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Breaking the Barriers to NGS Testing in Oncology Care: Physician-Reported Strategies

2021 Year in Review - Non–Small-Cell Lung Cancer - Lung Cancer

Despite the rising use of next-generation sequencing (NGS), there are still several obstacles to overcome. A study was performed to uncover physician-identified barriers to NGS adoption, as well as preferred techniques for overcoming these obstacles and improving cancer clinical care.1

A nationally representative sample of oncologists, surgeons, and pathologists (N = 201) were issued a cross-sectional online survey with closed- and open-ended questions. The poll gathered information on the challenges of NGS testing as well as prospective methods for improving its translation into clinical practice.1

Although 99.5% of physicians utilize NGS, 80.1% also describe obstacles to its usage, such as funding issues, a lack of awareness of NGS, and a lack of evidence of therapeutic benefit. More than 60% of physicians surveyed thought all of the offered solutions for overcoming these obstacles were effective; however, the relevance of each tactic varied by specialty. Surgeons prioritized improved communication among multidisciplinary healthcare teams (88.0%), pathologists prioritized greater instructional content (84.4%), and oncologists prioritized expanding testing coverage (84.0%). Hiring professionals with necessary abilities, expanding patient education, and updating technology were among the lower-priority proposals for improving NGS utilization.1

In a separate study, perceived barriers to NGS utilization similarly varied by specialty, reflecting the distinct roles that these professionals play in patient care. Oncologists and hematologists, who are more likely to be involved in long-term patient care, were most concerned with finding ways to expand technology coverage, whereas surgeons and pathologists were more concerned with improving awareness and teaching.2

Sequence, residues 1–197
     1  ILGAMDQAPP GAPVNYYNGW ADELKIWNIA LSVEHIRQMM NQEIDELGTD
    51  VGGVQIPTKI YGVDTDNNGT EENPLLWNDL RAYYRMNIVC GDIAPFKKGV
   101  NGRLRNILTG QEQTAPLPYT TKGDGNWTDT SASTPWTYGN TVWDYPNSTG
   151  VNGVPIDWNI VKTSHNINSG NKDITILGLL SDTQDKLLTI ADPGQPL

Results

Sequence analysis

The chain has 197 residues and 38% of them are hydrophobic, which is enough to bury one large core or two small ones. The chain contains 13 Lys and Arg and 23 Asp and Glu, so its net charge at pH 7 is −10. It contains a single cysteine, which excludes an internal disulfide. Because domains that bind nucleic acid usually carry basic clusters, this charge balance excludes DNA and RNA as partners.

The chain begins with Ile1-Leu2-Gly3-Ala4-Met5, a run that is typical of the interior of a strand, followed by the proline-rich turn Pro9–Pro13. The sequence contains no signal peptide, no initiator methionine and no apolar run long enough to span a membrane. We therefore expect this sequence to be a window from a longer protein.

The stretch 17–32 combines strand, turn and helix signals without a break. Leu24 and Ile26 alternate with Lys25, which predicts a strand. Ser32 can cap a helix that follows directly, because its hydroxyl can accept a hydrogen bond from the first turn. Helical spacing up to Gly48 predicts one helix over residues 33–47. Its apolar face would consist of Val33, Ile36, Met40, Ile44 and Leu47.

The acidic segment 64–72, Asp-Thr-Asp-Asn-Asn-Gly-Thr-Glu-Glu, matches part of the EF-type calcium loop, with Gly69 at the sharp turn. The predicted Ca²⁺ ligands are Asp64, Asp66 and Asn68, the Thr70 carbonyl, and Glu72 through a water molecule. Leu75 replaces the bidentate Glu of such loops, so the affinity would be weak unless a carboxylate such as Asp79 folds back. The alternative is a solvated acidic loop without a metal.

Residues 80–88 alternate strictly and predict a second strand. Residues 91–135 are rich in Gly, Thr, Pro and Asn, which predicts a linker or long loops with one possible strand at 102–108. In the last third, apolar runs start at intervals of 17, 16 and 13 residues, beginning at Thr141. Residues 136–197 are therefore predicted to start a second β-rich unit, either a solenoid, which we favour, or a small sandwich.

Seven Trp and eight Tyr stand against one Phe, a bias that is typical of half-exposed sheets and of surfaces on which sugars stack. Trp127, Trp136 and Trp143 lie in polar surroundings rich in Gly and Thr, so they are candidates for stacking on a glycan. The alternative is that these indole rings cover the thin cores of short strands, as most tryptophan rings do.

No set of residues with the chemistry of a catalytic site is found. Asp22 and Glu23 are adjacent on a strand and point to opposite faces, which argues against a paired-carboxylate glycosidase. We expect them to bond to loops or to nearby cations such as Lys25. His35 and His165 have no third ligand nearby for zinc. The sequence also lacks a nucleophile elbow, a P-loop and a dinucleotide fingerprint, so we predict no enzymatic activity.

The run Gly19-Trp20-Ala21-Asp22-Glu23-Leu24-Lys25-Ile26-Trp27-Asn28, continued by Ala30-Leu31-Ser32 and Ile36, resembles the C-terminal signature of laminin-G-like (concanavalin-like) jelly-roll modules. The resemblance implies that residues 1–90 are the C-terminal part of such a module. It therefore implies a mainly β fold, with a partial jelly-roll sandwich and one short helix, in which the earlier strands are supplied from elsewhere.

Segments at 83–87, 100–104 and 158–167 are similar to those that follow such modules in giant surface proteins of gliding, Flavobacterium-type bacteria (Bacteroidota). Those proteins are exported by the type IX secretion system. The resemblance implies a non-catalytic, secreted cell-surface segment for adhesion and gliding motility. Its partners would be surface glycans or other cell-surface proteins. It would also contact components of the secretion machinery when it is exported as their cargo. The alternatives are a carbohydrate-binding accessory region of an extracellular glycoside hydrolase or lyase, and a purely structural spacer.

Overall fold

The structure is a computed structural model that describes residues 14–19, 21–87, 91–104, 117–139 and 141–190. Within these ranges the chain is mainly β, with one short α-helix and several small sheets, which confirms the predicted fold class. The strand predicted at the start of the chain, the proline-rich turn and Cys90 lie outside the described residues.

The findings illustrate the many roles that specialists play in patient care. Various options for overcoming each barrier were discovered, demonstrating the necessity of the multidisciplinary clinical pathway in oncology care. Given the varying needs of different specialties, it is critical to involve physicians in the formulation of multipronged strategies to remove testing hurdles.1 Many patients’ clinical cancer therapy is now informed by tumor molecular characterization. The growing number of therapeutic biomarkers that potentially predict sensitivity to licensed and investigational treatments has fueled the rise of molecular oncology. Large-scale clinical genomics in cancer is a rapidly developing resource for translational scientific discovery in addition to its significance in driving clinical trial enrollments and guiding therapy in individual patients.3 The important role of NGS testing in the future of cancer treatment and other diseases is clear; breaking the barriers to testing is an important step in improving patient outcomes.

References

  1. Kaminski A, Szamreta E, Shah R, et al. Physician-reported strategies for overcoming barriers to NGS testing in oncology care. Ann Oncol. 2021;32(suppl 5):S1221-S1222.
  2. Kaminski A, Szamreta EA, Shah R, et al. Barriers to next-generation sequencing despite increased utilization: U.S. physician survey results. J Clin Oncol. 2021;39(suppl 15):Abstract e18754.
  3. Donoghue MTA, Schram AM, Hyman DM, Taylor BS. Discovery through clinical sequencing in oncology. Nat Cancer. 2020;1:774-783.
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